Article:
House prices are coming down again, albeit by a tiny margin.
Despite grim predictions about Covid-19, house prices shot up in 2020. April 2021 was the first time in eleven months that price growth decreased. Lower interest rates from the Reserve Bank saw the prime lending rate drop to a 50-year low of 7%, and banks were more than willing to approve mortgage applications.
Home-buying activity has been centred around the entry-level side of the market (R700,000 to R1.5m). Young renters spent more time at home and cut the costs of social activities like dining out, movies, concerts and social gatherings due to lockdown restrictions that suddenly enabled them to put more cash in their pockets or towards alleviating debt. Without a daily commute, buyers were also looking at more affordable homes outside the CBD.
However, demand seems to have peaked and is slowly declining, despite a slight increase in mortgage lending. That being said, a few trends will likely continue in 2022:
Low-priced properties will remain in demand
Residential properties under R1m will continue to buck all trends through constant growth, particularly in the Western Cape. KwaZulu-Natal and Gauteng may have lost momentum due to the recent riots and resultant buyer uncertainty, but will slowly recover.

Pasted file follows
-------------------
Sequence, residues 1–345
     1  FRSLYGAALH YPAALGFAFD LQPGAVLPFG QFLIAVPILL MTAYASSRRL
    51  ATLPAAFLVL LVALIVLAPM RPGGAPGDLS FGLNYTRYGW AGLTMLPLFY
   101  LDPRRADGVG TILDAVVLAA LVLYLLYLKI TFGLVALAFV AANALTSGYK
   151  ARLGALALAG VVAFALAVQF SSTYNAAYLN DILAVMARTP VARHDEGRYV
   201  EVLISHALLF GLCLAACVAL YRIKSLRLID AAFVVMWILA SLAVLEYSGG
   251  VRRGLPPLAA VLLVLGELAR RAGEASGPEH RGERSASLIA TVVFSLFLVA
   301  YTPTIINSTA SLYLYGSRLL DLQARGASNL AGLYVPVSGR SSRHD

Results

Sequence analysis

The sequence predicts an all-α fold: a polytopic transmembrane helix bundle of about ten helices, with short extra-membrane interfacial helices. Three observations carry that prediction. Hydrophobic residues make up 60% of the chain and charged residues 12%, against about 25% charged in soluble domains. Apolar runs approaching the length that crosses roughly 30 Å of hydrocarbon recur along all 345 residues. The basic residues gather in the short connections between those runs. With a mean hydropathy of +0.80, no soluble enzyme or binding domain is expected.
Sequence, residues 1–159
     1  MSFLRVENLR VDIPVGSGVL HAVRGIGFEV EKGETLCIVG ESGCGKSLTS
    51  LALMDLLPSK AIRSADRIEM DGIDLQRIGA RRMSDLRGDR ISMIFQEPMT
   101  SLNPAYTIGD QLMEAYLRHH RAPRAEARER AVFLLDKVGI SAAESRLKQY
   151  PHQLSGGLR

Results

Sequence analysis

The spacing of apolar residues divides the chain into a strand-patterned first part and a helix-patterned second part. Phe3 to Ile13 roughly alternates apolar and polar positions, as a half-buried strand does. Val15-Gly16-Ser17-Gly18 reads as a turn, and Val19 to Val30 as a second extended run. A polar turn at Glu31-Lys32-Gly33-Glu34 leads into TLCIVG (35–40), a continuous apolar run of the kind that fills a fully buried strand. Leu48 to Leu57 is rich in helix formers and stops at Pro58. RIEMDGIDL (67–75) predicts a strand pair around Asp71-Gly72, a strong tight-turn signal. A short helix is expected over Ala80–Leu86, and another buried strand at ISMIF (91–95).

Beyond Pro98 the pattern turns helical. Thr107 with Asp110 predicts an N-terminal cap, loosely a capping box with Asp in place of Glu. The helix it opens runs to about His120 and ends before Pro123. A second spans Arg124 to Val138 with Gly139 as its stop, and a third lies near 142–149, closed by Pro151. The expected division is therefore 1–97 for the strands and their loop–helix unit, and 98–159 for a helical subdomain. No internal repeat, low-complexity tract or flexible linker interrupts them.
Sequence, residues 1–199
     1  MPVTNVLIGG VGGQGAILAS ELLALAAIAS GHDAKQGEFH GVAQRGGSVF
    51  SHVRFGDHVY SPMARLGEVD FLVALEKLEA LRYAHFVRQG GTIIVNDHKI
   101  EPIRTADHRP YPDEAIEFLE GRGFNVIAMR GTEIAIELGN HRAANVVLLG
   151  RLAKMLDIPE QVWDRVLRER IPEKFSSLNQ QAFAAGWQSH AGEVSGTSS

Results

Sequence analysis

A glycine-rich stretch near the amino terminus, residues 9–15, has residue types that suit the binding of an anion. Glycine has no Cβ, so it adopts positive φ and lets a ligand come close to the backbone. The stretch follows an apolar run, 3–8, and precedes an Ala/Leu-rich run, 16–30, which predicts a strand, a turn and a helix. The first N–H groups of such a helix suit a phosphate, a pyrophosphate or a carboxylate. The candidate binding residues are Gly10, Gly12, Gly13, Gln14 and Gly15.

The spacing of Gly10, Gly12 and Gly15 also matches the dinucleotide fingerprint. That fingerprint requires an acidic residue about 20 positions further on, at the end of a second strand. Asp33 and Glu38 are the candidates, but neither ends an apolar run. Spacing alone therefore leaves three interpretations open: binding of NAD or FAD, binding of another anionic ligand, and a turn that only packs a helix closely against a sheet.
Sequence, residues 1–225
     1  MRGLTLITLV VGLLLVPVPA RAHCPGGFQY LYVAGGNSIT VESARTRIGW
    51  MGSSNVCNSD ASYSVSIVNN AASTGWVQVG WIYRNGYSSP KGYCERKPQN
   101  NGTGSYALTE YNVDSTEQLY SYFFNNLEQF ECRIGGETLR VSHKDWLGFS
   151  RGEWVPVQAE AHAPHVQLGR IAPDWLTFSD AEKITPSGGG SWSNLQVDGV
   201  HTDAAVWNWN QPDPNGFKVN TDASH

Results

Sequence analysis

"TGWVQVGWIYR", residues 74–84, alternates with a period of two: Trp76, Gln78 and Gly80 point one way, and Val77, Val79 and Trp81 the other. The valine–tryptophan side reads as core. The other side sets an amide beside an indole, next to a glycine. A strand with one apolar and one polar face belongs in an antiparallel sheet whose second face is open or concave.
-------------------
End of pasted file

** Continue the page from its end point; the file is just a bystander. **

Demand for office space will be low
According to SAPOA, the vacancy rate for office space was the highest in 16 years, hitting 14.2 in the first quarter of the year. With many PC-based businesses migrating to a hybrid or remote working model, office space is still oversupplied.
Remote working space demands will increase
Many commercial properties will likely pivot to enabling remote working strategies, including hot desking facilities in line with global trends.
House pricing down but so are properties
Pent-up demand for properties is slowing down and house prices will probably drop accordingly, but the stock shortage real estate agents have been concerned about may continue.
The 5G factor
Smart residential estates will continue to lead with connectivity as a drawcard for tenants and buyers. With more employees working from home, fast connectivity and free estate-wide Wi-Fi is an attractive proposition.
Rental yields aren’t particularly strong, with two-thirds of tenants renting for less than R7,000 per month. In this way, tenants renting for R7,000-R12,000 will remain the best bet for landlords, with 84.37% of tenants remaining in good standing. Vacancy rates will remain stable as we head into 2022.
The property market bucked all trends in 2020 and 2021, making it difficult to predict the future of real estate in 2022. If nothing else, we know that Covid-19 has changed the way we view our homes and office spaces, and smart investors will do well to take that into account.